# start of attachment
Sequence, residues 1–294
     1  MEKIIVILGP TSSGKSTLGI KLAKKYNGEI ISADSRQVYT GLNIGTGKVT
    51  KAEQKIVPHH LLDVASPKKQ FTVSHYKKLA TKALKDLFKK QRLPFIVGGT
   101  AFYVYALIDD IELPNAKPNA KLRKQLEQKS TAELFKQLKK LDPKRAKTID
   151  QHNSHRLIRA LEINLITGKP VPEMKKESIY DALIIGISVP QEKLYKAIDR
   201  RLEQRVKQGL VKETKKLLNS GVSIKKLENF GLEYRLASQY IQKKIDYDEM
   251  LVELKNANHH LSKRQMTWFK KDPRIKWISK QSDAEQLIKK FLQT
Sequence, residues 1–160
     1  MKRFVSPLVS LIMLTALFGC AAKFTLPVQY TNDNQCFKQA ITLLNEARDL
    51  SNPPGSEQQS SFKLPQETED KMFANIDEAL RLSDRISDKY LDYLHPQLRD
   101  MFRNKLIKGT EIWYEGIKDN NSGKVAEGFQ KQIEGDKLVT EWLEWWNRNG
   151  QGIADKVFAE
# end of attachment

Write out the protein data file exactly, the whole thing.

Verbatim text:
Sequence, residues 1–294
     1  MEKIIVILGP TSSGKSTLGI KLAKKYNGEI ISADSRQVYT GLNIGTGKVT
    51  KAEQKIVPHH LLDVASPKKQ FTVSHYKKLA TKALKDLFKK QRLPFIVGGT
   101  AFYVYALIDD IELPNAKPNA KLRKQLEQKS TAELFKQLKK LDPKRAKTID
   151  QHNSHRLIRA LEINLITGKP VPEMKKESIY DALIIGISVP QEKLYKAIDR
   201  RLEQRVKQGL VKETKKLLNS GVSIKKLENF GLEYRLASQY IQKKIDYDEM
   251  LVELKNANHH LSKRQMTWFK KDPRIKWISK QSDAEQLIKK FLQT
Sequence, residues 1–160
     1  MKRFVSPLVS LIMLTALFGC AAKFTLPVQY TNDNQCFKQA ITLLNEARDL
    51  SNPPGSEQQS SFKLPQETED KMFANIDEAL RLSDRISDKY LDYLHPQLRD
   101  MFRNKLIKGT EIWYEGIKDN NSGKVAEGFQ KQIEGDKLVT EWLEWWNRNG
   151  QGIADKVFAE